John K. Manna
New Castle News
NEW CASTLE —
My, how time flies.
The city of New Castle is in already in its eighth year as a distressed municipality under state Act 47.
While city officials and perhaps some residents would like to exit Act 47 status, there is no way the city could survive financially on its own at this time.
Yet, revisions being considered to the Act 47 law would limit the duration of “distressed” status in the worst cases to eight years.
I’m not sure whether New Castle is considered among the worst cases, but if it is, it would have to exit distressed status after this year if the revisions were in effect.
Twenty-seven municipalities have been declared financially distressed since Act 47 took effect. Only six have exited distressed status and 10 have been distressed for at least 20 years.
According to the Associated Press, Amy Sturges of the Pennsylvania Municipal League and State Association of Township Comssioners called the proposed time limit “an arbitrary, one-size-fits-all approach.”
But Gerald Cross of the Pennsylvania Economy League said the time limit “focuses municipal officials on making the necessary structural and financial changes within a limited time frame ...” And if the changes aren’t made, the municipalities would face consequences, he said.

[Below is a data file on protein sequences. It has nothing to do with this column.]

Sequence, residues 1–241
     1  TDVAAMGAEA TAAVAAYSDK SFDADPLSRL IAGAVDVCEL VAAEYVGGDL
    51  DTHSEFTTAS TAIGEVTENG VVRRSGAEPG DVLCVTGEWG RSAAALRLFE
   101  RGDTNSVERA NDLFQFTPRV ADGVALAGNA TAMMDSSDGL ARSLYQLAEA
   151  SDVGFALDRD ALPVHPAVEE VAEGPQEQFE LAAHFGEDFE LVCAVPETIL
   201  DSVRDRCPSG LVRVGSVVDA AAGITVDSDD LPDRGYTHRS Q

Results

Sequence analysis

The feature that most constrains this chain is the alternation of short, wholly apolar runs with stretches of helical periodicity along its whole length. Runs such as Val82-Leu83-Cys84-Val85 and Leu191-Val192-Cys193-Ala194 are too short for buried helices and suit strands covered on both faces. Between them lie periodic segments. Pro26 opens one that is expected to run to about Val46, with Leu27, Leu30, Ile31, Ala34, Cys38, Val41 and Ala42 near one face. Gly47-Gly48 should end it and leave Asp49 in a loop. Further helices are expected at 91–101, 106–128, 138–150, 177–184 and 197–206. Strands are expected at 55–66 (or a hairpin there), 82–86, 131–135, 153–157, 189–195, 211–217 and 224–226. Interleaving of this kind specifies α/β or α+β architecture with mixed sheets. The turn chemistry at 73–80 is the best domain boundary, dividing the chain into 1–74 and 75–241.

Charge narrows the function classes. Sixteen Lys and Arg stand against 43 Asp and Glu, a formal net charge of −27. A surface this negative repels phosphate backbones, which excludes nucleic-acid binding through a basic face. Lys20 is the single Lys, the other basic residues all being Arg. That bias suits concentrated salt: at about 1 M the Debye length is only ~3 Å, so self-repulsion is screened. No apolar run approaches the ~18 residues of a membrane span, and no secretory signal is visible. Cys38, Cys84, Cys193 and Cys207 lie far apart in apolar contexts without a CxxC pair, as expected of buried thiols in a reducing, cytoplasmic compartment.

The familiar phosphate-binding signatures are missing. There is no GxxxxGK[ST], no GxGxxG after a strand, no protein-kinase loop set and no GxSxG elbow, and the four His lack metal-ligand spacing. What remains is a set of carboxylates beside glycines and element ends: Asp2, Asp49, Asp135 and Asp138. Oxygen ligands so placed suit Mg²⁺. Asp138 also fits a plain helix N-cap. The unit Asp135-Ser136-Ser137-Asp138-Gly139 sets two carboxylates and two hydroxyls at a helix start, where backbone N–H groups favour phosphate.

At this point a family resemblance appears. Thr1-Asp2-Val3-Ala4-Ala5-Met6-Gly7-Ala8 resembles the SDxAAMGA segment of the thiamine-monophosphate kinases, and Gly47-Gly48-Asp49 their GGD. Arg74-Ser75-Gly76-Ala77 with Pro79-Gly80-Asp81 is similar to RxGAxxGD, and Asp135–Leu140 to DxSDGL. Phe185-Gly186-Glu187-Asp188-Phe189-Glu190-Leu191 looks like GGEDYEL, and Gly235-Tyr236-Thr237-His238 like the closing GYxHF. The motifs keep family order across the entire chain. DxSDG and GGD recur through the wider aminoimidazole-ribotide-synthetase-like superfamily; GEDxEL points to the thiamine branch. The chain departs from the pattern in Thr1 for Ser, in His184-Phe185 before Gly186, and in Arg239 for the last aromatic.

Those consequences could include bankruptcy, disincorporation or receivership.
Again, New Castle would like to get out of distressed status if it could. However, the city is currently in the black, but only because of Act 47.
The city has been allowed to obtain grants and loans and raise the wage tax beyond its normal limit to lift itself out of the red. Plus, some of that additional wage tax is imposed on non-city residents who work in New Castle.
If the city were to leave Act 47 status tomorrow, that additional revenue would go away and the city would fall back into the red. Without that revenue and because of the erosion of the city’s property tax base over the years, New Castle would have a difficult time paying its bills and meeting pension obligations. The inability to meet the pension obligations was a major reason the state declared the city distressed.
Perhaps the city would be able to keep its head above water in the long run if it can build up its tax base. But that won’t happen overnight.
Apparently, some legislators and Cross, who spoke at a Senate committee hearing this week on the proposed revisions, haven’t grasped that reality.
Instead of cosmetic changes, legislators need to look at defects in the current system that affect all municipalities in Pennsylvania, particularly cities. They need to consider the reasons cities get into financial jams and address them. Then, maybe municipalities could be prevented from entering Act 47 in the first place.